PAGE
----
Simple answer: Yes, you can use what you have, IF you can live with the limitations.
If you want a controller that will give you lots of control, good luck. The best controller on the market was discontinued a while back (ADJ Showdesigner 1), but you can still find them on Ebay. Learing curve can be an issue for some people.
As much as I dislike it, the trend has been towards software control, and it seems we have little or no choice in what we have to choose from.
Title: Re: Basic DMX (3 pin) controller for LED fixtures
Post by: Jeff Lelko on September 20, 2022, 12:50:32 AM
As much as I dislike it, the trend has been towards software control, and it seems we have little or no choice in what we have to choose from.

I can think of many modern portable hardware consoles - MA3 Compact, Hedgehog 4, and MagicQ MQ50 just to name a few.  The catch is that you're not going to get them for $200. 

Back 20 years ago the average light system consisted of Par 64s and dimmers, and maybe a few Roboscan 812s if you had money.  The control needs for a system like that were very simple.  Today we deal with extremely complex fixtures with high channel counts and pixel mapping capabilities - even at the weekend warrior level.  There's simply no way to handle systems like these with controllers of the past.  Programming 10s of thousands of DMX channels isn't done one-by-one - you need the algorithms, programming tools, and processing power built into modern consoles to do the heavy lifting for you.  Whether you spend the money on a full console or buy an interface and provide your own PC for a fraction of the cost is up to you.
Title: Re: Basic DMX (3 pin) controller for LED fixtures
Post by: duane massey on September 20, 2022, 04:32:35 PM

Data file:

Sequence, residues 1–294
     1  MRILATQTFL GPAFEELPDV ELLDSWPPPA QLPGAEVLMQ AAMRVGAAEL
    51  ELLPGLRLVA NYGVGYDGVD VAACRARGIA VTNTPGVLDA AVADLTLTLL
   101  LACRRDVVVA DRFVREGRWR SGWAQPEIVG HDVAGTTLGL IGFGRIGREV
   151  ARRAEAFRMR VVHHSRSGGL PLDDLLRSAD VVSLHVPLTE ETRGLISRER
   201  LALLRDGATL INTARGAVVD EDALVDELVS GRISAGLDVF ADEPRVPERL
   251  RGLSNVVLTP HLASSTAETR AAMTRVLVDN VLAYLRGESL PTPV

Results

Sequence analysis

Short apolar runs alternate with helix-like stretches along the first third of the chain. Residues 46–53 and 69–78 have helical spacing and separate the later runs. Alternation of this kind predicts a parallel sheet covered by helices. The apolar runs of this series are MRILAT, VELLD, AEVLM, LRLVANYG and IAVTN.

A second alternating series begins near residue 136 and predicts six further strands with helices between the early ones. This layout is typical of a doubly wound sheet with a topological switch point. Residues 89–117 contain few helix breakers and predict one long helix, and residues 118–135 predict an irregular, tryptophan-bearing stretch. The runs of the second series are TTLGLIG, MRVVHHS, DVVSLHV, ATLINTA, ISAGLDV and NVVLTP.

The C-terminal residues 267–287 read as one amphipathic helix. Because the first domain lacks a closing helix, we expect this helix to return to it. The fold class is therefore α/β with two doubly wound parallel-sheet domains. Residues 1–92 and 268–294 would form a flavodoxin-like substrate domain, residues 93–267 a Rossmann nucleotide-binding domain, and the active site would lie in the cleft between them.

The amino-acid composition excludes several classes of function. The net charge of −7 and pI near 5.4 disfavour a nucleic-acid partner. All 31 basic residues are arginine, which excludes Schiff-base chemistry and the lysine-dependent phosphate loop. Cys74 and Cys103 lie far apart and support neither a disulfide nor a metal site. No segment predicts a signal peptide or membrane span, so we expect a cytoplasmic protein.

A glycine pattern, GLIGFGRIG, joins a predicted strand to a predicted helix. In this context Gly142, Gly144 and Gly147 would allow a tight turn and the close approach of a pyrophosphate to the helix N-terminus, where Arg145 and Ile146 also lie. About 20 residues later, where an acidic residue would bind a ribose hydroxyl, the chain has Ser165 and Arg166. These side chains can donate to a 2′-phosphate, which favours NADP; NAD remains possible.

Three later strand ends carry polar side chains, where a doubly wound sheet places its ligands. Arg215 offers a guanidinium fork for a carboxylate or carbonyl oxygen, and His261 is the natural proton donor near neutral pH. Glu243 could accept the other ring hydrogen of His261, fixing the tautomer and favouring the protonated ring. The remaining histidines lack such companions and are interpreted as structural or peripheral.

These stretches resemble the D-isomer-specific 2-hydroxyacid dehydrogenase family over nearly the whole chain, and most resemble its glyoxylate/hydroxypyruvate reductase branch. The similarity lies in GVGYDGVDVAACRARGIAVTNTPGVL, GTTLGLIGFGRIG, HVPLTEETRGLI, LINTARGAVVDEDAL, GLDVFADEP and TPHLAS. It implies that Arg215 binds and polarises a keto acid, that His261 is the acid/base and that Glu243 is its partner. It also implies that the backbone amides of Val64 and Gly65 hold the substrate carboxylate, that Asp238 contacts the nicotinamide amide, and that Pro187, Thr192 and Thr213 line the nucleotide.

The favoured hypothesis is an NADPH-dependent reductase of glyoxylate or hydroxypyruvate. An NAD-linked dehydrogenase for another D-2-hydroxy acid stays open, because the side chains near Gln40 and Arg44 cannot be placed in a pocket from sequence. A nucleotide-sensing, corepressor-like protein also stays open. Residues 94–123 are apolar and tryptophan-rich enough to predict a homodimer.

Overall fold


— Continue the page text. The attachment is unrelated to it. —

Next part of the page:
I can think of many modern portable hardware consoles - MA3 Compact, Hedgehog 4, and MagicQ MQ50 just to name a few.  The catch is that you're not going to get them for $200. 

Back 20 years ago the average light system consisted of Par 64s and dimmers, and maybe a few Roboscan 812s if you had money.  The control needs for a system like that were very simple.  Today we deal with extremely complex fixtures with high channel counts and pixel mapping capabilities - even at the weekend warrior level.  There's simply no way to handle systems like these with controllers of the past.  Programming 10s of thousands of DMX channels isn't done one-by-one - you need the algorithms, programming tools, and processing power built into modern consoles to do the heavy lifting for you.  Whether you spend the money on a full console or buy an interface and provide your own PC for a fraction of the cost is up to you.
I used the SD1 for many installs and a few bands. For under $700 it was quite useful, and most of the venues (IF they are still in business) still have them. To my knowledge there was nothing even close for twice the $$$. Was it a pro-level controller? Nope, but it was extremely cost-effective and quite powerful. Not a very easy controller to use "on the fly", but, with proper pre-programming it could do some impressive stuff.